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How many Zainabs will it take?

Pareshan Parents

How many Zainabs will it take?

How many Zainabs will it take?

My Facebook newsfeed has been flooded with the news of seven-year-old Zainab’s rape and murder in Kasur for the last two days.

And to be quite honest I still don’t have words to express everything I’m feeling…

Denial that a human being can do this to another human, let alone a child;

Rage that such animals exist among us;

Outrage that our leaders are still “taking notice” (this is the 12th such case to occur within a two-kilometre radius of the city over the last year);

And utter shock and disbelief as I read some comments and opinions about the parents having left their daughter while they went to Saudi Arabia to perform Umrah (the lesser pilgrimage).

Who are we and what have we become? As clichéd as that sounds, it is the question to ask ourselves. And the answer is unfortunately not one which any of us would like to accept. And it applies to all of us except perhaps, the handful of people who actually do the mehnat, mushaqqat to make this country a liveable place.

Zainab’s rape and murder is a horrific situation but what is even more terrifying is our own blindness. Yes, most of us will share the hashtag #justiceforzainab, some will attend the on-going protests, others might initiate discussions on rape culture and sexual abuse in educational institutions while still others will discuss yet another failure of the government over their dinner.

But how many of us will look at ourselves and recognize that each one of us is part of the problem? That any one of us might be living with an ogler, raising a harasser or worse an abuser and conditioning our children to disrespect women?

Hurts, doesn’t it? You want to stop reading right now, I can tell.

But when you as a mother, talk about ‘that’ girl at the shaadi last night who was wearing the off-shoulder shirt or tell your son that “Hina Aunty’s daughter will make you a good wife…she’s so pretty” or tell your daughter “Chup ho jao, dupatta phela ke orho” when she complains of being deliberately brushed against in a crowded market, you, yes, YOU are pouring fuel on rape culture. On disrespecting women.

And when you as a father, watch your son staring at a girl in a shop or catch him watching R-rated content, and you brush it off thinking “Larka hai, larkay tou kertay hain aisa”, you are part of the problem.

And when you as parents, point fingers at Zainab’s parents and say that they should not have left her to go for Umrah, you bring shame to the word ‘parenting’ and all that it entails. For a parent is a person who is perpetually afraid for his/her child; is constantly second-guessing him/herself; is always praying for mercy and guidance for this absolutely humongous task given to him/her by the Almighty. So, when you as parents judge her parents, you forget that you are a person, a parent, a human.

You forget how Karma works.

And you dismiss their despair and their brokenness at this time.

We can’t bring Zainab back. We can’t take away her parents’ misery. We can’t protect all the children of Pakistan. We can’t reform the culture overnight.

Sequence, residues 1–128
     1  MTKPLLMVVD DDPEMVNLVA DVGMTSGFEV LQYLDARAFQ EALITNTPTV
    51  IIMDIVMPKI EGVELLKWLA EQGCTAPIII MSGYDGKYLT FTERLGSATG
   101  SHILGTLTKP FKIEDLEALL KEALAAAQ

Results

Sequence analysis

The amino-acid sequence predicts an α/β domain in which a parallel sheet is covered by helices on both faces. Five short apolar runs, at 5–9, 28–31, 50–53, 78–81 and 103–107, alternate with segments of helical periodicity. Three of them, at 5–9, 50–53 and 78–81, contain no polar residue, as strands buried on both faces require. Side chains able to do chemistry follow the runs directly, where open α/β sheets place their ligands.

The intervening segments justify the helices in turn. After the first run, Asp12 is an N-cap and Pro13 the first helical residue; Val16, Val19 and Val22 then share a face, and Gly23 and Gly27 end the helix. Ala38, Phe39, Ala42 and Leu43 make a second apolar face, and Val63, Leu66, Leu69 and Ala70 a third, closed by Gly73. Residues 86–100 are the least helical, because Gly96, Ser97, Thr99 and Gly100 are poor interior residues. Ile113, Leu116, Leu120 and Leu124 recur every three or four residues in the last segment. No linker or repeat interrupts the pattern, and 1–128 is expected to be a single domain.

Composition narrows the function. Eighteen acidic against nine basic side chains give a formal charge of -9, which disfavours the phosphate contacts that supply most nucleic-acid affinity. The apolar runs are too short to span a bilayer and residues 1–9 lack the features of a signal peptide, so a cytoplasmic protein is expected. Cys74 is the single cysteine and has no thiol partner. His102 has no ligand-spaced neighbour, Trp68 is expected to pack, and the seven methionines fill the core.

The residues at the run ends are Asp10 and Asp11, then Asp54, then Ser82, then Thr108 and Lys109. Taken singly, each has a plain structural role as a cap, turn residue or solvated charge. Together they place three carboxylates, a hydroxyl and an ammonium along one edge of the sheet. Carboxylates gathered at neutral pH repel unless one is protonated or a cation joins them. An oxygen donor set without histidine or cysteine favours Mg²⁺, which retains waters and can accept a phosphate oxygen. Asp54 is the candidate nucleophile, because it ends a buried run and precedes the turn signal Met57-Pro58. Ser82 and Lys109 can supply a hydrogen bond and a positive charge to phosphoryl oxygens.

That’s the truth.

But instead of finding fault in Zainab’s parents, let’s look at ourselves, our families and our homes. Do what you can so that your children, your neighbour’s children, your friend’s children, your niece’s, nephews, grandchildren, students…children on the streets of Pakistan never have to face what Zainab faced, or even close.

Do what you can to protect your children. Do what you can to protect OUR children:

  1. Educate your sons, their friends and help them educate your male domestic help. No female, let alone a seven-year-old girl, does anything to invite harassment, abuse and/or rape.
  2. Educate your daughters, their friends and help them educate your female domestic help. Make them sure of themselves; tell them to call for help, complain, create a ruckus, use self-defence, any time they are stared at, whistled at or touched inappropriately.
  3. Teach children ‘good’ and ‘bad’ touch from an early age. Teach them all the body parts (don’t skim over privates) and show them where only parents can touch them and where others can touch them.
  4. Teach children (and adults) the meaning and importance of consent. In our culture people get offended if they ask a child to give them a hug and the child doesn’t. Seriously?! People, you need to look beyond your inflated egos and understand how important teaching consent to a child is in today’s times. If a child does not feel comfortable in saying ‘No’ to a hug from his aunt, HOW do you suppose he/she will say ‘No’ to a stranger or worse, a known person who is behaving inappropriately towards him/her???
  5. Keep your children with you as much as you can, especially until you feel they can fend for themselves.
  6. Foster open communication with your children, students, children who work or live with you. A child should never fear going to an adult to ask for help. It may be awkward but it can save honour and lives.

And above all, pray for her parents. No parent should have to bear something like this. No parent can live in peace with this. May Allah have mercy on them. Aameen.


A thinker, reader and writer, always trying to make sense of this world and always seeking justice, mother of a fiesty three-year-old who has taken over her heart (and life!)

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